One week removed from the Most Obvious Twist in the History of Television, Dexter kicked off its final quarter of episodes with "Ricochet Rabbit," an hour that saw Dexter go on the hunt for Travis; Deb uncover a secret about her boss; and Quinn continue to drink.
Having already outlined my problems with the season in general last Sunday, I went into this outing with a clean slate, happy to give what has long been one of my favorite shows a fresh start for its final three episodes of the year.
And that mindset allowed me to mostly enjoy the most tense, tight installment of the season. It delivered an intriguing cliffhanger and left me legitimately anxious for what's next.
But it also left me regretful.
There was definitely missed potential here with Travis. If the writers had only aired the Gellar reveal after just a couple episodes, gotten Dexter more involved with Travis from the start and wasted less time contriving ways to delay the increasingly-clear fact that Gellar was dead... this storyline could have been saved. Travis could have gone around gathering more disciples to do the dirty work, Dexter could have felt ever more guilty about the mistake he made in trusting Travis, we wouldn't have spent as much time on Brother Sam and a fruitless visit to Nebraska...
Alas. Here we are, and at least it's someplace that might lead to an exciting conclusion. Batista's life in danger? The Miami Police Department as the target of a gas attack? Deb between a rock and a hard place? Or a hard Deputy Chief, to be more exact? All enticing build-ups for next week. There are actual stakes here.
Moreover, Dexter isn't wondering whether or not he can control his Dark Passenger anymore. He's not questioning whether or not there is a lighter side to his being. Both of those avenues have been explored to death (pun... intended!) and I've been urging the series all season long to just get to the action.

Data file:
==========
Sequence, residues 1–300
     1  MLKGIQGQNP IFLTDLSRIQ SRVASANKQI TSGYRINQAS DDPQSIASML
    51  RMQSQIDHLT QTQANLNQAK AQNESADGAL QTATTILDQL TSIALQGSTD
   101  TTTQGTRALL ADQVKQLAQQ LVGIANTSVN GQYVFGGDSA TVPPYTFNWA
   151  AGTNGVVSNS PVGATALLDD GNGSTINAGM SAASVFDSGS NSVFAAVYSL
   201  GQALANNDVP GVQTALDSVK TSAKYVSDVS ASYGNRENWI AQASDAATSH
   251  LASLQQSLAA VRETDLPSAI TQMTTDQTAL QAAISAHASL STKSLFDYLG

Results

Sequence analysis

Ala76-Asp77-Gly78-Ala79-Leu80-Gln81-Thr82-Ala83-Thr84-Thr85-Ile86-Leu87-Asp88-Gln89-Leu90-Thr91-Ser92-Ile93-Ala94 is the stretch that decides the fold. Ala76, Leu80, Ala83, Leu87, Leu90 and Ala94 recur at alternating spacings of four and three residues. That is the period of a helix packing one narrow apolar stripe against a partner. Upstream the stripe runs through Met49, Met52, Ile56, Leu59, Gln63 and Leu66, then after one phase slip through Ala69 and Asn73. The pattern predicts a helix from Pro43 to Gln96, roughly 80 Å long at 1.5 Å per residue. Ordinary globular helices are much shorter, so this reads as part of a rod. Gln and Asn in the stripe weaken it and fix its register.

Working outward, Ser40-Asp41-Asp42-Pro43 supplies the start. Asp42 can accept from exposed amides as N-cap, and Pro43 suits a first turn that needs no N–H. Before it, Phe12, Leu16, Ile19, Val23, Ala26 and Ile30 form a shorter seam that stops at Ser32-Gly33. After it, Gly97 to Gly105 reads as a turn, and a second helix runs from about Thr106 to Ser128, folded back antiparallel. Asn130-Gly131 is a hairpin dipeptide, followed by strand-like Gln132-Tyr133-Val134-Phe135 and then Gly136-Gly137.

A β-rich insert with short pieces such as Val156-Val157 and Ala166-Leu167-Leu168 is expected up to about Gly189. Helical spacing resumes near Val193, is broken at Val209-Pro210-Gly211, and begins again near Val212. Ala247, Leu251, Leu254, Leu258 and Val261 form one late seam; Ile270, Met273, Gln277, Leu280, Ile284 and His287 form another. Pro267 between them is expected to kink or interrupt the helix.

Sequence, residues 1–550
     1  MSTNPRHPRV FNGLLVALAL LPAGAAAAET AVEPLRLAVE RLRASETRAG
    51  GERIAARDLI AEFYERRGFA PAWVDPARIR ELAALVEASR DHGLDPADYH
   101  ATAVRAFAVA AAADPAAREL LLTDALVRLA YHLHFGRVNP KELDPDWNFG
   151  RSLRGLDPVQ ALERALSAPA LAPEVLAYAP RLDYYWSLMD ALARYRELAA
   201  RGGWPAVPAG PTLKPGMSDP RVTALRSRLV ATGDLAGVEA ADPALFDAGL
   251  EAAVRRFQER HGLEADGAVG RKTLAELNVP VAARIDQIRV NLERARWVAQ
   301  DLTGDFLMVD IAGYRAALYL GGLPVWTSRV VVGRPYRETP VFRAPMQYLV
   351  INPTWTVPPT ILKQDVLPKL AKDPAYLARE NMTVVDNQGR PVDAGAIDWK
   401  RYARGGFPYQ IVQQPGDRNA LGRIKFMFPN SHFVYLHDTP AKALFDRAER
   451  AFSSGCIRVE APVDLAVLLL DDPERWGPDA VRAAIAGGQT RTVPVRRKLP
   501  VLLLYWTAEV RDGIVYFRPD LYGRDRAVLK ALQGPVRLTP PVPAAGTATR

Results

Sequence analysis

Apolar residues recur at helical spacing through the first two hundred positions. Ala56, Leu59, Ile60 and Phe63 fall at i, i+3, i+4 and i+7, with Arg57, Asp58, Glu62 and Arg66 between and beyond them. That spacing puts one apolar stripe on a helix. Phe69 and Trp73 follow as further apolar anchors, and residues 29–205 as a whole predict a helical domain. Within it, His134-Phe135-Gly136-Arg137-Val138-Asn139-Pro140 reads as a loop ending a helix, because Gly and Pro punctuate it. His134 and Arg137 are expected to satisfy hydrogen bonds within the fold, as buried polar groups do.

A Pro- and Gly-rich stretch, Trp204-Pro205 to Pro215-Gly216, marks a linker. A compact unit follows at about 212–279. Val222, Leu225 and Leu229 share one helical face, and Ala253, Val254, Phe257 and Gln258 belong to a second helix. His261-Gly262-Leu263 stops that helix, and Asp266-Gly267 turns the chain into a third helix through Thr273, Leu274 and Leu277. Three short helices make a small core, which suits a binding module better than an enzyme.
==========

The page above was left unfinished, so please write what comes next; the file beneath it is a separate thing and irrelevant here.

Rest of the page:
Here, he's accepting of his Passenger's presence and lashing out at the man largely responsible for it: Harry. This is an especially welcome development. Harry has become more and more of a narrative device over the years, seemingly around just to spell out for the audience exactly what his son is thinking. But now we see Dexter wonder why he even listens to the person who set him out on this path, which is a nice parallel to Travis telling off Gellar. Of course, we learned this week that Travis has been a mess since childhood and essentially used Gellar to justify his killings.
Has Dexter been doing the same with Harry? Might Dexter be afraid he'll end up like Travis someday, unable to listen to his rational father figure? Unable to abide The Code, his own type of Bible? Again, these are questions that could have been at the forefront of the season, if the show hadn't taken so long getting us to this point. Sorry, I'm back to being bitter, I know.
At least I can end on a positive: Deb. It seems hard to believe that her therapy sessions aren't setting viewers up for the only real storyline remaining on Dexter: the discovery of her brother's murderous secret. It makes the most sense for this to take place when she's at her most understanding and appreciative of Dexter, as she is now, in order for her to truly struggle with the revelation of who he really is.
We've been told that the final two episodes of the season will set the stage for the final two seasons of the series. Those kick off next Sunday. Meet me back here to discuss.
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